• \$\begingroup\$ If no datasheet, no buy. Should I take this as a general rule, or only when concerned with ESR (or other particulars)? I was thinking of getting a whole set of different values, but maybe that's not a good idea (unlikely to specify a datasheet for each one). From what I've found, usually if there is a datasheet, it's in English (or more often I just search for a datasheet by the part number). \$\endgroup\$
    – Nateowami
    Sep 21, 2016 at 1:17
  • \$\begingroup\$ @Nateowami Usually there is a datasheet (or set of datasheets) to cover an entire range of parts. For example, an entire series of electrolytic caps from one maker. It can be fairly challenging to find some datasheets from domestic Chinese makers. \$\endgroup\$ Sep 21, 2016 at 1:19

Yes, you can add deliberate resistance to a low ESR cap to replace a tantalum cap in this case. However, a much better answer is to use a more modern regulator that is stable with a 0 ESR output cap. A LM1117 makes no sense here, since you don't need really low dropout. Even then there are plenty of modern LDOs available that are 0-ESR stable.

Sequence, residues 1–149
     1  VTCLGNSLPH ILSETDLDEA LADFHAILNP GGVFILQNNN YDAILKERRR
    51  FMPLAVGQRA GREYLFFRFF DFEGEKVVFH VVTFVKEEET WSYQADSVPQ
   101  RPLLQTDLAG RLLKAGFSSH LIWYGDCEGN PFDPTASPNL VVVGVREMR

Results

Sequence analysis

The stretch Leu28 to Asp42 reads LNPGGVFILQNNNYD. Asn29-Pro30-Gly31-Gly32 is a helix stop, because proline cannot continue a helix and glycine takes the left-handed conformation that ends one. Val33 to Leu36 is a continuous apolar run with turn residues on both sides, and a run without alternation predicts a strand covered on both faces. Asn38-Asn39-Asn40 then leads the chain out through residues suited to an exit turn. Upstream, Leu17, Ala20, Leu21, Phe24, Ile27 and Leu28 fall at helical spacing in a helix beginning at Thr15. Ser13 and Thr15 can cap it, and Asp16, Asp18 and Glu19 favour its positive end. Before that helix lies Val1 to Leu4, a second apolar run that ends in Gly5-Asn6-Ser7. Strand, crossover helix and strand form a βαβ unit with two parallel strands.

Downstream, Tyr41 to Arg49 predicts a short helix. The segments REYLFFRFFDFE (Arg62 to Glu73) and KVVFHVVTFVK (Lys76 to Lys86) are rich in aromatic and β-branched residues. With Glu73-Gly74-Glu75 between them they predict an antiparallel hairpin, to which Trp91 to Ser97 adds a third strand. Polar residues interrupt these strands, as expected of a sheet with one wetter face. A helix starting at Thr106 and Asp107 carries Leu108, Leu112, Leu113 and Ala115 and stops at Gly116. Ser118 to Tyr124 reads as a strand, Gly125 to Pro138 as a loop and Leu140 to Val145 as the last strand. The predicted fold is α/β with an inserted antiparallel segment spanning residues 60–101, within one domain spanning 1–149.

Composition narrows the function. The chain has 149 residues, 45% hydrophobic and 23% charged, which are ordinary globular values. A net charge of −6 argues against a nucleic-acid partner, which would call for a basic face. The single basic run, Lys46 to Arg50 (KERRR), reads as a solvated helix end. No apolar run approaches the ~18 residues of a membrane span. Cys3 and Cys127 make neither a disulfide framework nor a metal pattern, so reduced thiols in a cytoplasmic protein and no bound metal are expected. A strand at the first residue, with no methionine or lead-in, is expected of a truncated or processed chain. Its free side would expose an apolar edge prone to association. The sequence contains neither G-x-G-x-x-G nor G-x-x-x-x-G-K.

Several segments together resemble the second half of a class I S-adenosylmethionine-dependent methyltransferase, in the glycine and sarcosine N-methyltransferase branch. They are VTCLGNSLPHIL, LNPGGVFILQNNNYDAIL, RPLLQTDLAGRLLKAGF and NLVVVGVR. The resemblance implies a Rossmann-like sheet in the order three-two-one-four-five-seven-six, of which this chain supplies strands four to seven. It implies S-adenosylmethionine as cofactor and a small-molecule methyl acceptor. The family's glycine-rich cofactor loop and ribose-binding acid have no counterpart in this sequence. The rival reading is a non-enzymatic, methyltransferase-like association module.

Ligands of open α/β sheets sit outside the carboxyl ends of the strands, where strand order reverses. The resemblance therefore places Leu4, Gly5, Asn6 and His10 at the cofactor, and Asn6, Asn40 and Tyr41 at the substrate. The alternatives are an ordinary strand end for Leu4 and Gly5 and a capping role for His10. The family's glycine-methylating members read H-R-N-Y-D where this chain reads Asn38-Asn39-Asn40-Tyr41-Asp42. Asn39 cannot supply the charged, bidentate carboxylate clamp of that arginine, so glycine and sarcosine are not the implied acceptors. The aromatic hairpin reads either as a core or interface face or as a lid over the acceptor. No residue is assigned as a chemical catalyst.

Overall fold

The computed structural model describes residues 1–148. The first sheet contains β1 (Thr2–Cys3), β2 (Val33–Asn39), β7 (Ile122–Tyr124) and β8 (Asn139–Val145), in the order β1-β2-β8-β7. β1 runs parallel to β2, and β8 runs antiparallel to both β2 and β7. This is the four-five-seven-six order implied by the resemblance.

Use the right linear regulator, and this problem goes away.

If you are really going to use 9 V in, then even a 7805 would be fine here. They are very robust and tolerant of significant capacitance on their output without any resistance in series. After the next asteroid impact, the only thing left will be cockroaches and 7805 regulators.

  • 1
    \$\begingroup\$ Oh dang, and I was stockpiling 555s for after the bang... \$\endgroup\$
    – PlasmaHH
    Sep 20, 2016 at 18:00
  • 1
    \$\begingroup\$ @PlasmaHH We speak not of those. For some reason the mere mention of 555s seems to make pros twitch. \$\endgroup\$ Sep 20, 2016 at 22:17
  • 1